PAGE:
Matching principle is the accounting principle that expenses must be recognized when the associated revenue is recognized. The aim is to present accurately net income for the accounting period and avoid revenue misstatements during the period.
For example, wages and construction materials purchased to build rental properties are depreciated during the building period to generate rent revenue, not during the construction period. In this case, the company recognizes revenue when it rents out the property so that expenses related to property need to be depreciated at the same time.
Another example, a company bought a new machine for Rp100 in 2019. The company estimates the economic benefit of the machine is 5 years. Therefore, the machine will produce products (revenue) for the next 5 years. Under the matching principle, the company recognizes the depreciation expense of the machine for 5 years, that is, as long as it produces the product, rather than being fully charged in 2019.
If goods purchased in the current year remain unsold at the end of the year, their costs are excluded from the cost of goods sold when reporting a profit for the year. Instead, the costs of these items will be deducted from the revenue of the next period after they are sold.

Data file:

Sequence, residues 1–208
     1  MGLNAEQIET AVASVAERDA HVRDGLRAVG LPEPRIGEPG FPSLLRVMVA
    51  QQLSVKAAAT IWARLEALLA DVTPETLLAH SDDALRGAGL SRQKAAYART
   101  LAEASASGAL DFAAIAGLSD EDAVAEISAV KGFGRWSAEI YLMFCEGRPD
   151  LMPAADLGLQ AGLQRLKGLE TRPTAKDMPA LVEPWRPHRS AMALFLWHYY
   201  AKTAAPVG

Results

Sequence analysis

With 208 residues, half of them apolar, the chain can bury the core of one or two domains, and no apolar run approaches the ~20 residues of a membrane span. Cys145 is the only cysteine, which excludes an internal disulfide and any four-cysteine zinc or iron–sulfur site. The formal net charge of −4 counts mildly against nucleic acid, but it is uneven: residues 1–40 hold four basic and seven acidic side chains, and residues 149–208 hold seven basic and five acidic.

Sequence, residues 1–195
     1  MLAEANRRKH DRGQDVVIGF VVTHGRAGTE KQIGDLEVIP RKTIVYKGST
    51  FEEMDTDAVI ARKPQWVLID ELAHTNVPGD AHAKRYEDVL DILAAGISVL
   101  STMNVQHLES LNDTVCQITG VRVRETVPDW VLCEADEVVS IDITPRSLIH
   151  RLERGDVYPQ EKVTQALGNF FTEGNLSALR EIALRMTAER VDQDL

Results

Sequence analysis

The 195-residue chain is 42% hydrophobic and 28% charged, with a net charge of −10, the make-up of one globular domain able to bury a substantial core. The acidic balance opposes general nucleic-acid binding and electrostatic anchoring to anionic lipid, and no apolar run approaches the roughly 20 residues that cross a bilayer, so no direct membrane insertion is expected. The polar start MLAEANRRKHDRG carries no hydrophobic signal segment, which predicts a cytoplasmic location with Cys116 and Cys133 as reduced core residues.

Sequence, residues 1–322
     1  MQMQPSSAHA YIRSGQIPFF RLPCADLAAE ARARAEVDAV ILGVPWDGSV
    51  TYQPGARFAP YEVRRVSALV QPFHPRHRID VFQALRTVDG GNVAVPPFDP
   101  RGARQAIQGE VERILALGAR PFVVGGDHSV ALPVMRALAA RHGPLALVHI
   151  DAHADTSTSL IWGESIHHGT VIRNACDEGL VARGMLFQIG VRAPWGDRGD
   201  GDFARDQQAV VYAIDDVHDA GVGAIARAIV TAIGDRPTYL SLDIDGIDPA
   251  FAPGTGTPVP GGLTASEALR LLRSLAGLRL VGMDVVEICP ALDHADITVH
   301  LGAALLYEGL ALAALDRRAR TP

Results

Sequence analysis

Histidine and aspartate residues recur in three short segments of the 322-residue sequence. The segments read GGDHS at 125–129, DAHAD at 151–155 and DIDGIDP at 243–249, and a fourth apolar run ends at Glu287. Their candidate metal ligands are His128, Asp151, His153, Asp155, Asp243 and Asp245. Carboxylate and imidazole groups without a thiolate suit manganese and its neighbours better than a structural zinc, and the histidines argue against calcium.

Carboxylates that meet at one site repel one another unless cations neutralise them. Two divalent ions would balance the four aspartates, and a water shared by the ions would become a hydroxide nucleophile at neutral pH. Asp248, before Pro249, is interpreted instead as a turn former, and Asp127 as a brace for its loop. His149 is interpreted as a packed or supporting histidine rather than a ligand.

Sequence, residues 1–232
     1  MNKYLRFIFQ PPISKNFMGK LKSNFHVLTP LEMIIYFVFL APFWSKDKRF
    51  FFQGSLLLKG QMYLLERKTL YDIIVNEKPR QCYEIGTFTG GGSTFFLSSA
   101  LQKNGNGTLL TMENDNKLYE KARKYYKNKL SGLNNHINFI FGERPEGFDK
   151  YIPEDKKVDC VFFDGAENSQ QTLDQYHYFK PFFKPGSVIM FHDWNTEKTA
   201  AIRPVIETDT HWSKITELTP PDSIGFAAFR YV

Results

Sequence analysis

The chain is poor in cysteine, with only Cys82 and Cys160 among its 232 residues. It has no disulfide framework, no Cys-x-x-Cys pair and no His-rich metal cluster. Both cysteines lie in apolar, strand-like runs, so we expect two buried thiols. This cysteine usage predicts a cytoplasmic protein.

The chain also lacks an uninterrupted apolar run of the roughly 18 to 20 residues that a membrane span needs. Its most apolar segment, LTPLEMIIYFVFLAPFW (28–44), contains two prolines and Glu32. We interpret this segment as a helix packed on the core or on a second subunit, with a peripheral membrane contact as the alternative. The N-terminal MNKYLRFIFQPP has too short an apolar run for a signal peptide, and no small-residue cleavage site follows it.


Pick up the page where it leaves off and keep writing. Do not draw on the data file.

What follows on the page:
Why the matching principle is important
Through expense and revenue matching, financial statements can represent more accurate operating results. This principle helps avoid distortions in financial position and improve the quality of financial statements.
The concept of matching is slightly different from the accrual concept. The accrual principle states that companies recognize revenues and expenses when they occur. The concept of accrual falls in the same period. Still, the concept of matching can fall between two different periods.
Some examples of transactions that affect more than one period are:
- Prepaid insurance premium
- Salary expenses
- Purchase of fixed assets
- Prepaid rent for the years to come